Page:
Rick Martinez is currently living his dream—cooking, eating and enjoying the Mexican Pacific coast in Mazatlán. He is finishing his first cookbook, Under the Papaya Tree, food from the seven regions of Mexico and loved traveling the country so much, he decided to buy a house on the beach. He is a regular contributor to Bon Appétit, New York Times and hosts live, weekly cooking classes for Food Network Kitchens. Earlier this year, he was nominated for a James Beard Award for “How to win the Cookie Swap” in Bon Appétit’s holiday issue.

8 Reviews

Emilie1! August 15, 2022
This is so delicious and healthy. The flavors are complex. The mushrooms and cauliflower are meaty. The heat from the chiles is slow and smoky. The sweetness from the raisins and sweet potatoes is divine.
Emilie1! January 21, 2022
I truly think this is a 5-star awesome recipe. As with many stews, it tastes even better the next day. I did it with well-roasted sweet potatoes which somewhat broke down into the sauce to excellent effect. I do think the recipe as written lacks acidity, so I added a few sun-dried tomatoes to the chili mixture, and a dash of balsamic at the end because I didn't have any lime. Also, I roasted the veggies in the oven all at once, rather than in batches on the stove. I thought the flavors were fabulous with an incredible slow heat. Love love love.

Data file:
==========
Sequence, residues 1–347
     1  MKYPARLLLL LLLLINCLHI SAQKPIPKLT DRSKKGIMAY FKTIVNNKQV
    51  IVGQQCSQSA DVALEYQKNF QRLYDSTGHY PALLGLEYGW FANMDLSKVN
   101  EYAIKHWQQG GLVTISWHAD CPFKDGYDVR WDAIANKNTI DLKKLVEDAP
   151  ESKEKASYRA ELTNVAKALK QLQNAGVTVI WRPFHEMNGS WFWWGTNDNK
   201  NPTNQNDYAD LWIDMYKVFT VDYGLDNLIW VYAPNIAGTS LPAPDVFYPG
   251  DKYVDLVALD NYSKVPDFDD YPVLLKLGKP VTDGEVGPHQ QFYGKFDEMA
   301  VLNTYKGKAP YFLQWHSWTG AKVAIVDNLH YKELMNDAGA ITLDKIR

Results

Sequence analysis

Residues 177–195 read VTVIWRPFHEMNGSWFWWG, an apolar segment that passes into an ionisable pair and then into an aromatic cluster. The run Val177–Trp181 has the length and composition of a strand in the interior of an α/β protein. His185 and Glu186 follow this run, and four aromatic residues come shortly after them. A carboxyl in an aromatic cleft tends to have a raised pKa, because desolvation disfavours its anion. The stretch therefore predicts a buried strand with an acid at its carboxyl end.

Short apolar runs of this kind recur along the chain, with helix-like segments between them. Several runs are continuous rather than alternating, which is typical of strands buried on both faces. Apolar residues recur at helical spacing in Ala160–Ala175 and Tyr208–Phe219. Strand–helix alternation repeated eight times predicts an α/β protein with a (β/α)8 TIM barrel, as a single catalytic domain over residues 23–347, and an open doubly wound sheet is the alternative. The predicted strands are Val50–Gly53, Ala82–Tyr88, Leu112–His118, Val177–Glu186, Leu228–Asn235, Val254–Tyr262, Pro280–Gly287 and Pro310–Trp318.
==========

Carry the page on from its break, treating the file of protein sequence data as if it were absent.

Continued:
vccvilla May 21, 2021
This is delicious!! I used the chiles it called for and made sure they were plump not too dried out and crackly. The flavor is unbelievable!!
Easy to make too which is always a plus.
swissconnie April 9, 2021
Made a half recipe, turned out great. Finished with a squeeze of lime and just a little more salt to brighten everything up. Delicious with rice and some chips as pictured, plus a little avocado and some fresh cilantro on top.
Diver B. April 5, 2021
This looked great! But when I made it, it tasted muddled together. Added some salt and cocoa powder, and that helped, but not the explosion of chili flavor I had hoped for.

Maybe the chilies I get are too old and lack punch. I will try again after hitting up a Hispanic grocery for some of the good stuff!
alfaroworld April 5, 2021
I tried it today and i would agree with other reviewer. Flavor was muddled. I think plantains instead of sweet potato or in addition to it, may have helped bring some variation of flavors.
Smaug April 7, 2021
You're likely to be right about your chilis- if you use a lot, you can get good ones through Amazon- they usually come in 1/2 or 1 pound bags. I usually get Ole Mission brand, which have been dependable, though other brands may be as good. The recipe also strikes me as pretty weak on the other spices, particularly cumin and oregano. It should be noted that in the Western US Ancho chiles are often sold as Pasilla chiles; true Pasillas are much thinner and don't have the characteristic heart shape of an Ancho. The flavor is quite similar; I might sub in something brighter such as New Mexico or California chiles for the Pasillas.
Diver B. April 7, 2021
To be 100% clear, I used what chilies I could find...
I used Cascabels, Pasilla Negro, California, and New Mexico... but I used the same weights/numbers... and kept the Cascabels to the smallest amount as they were the least fiery.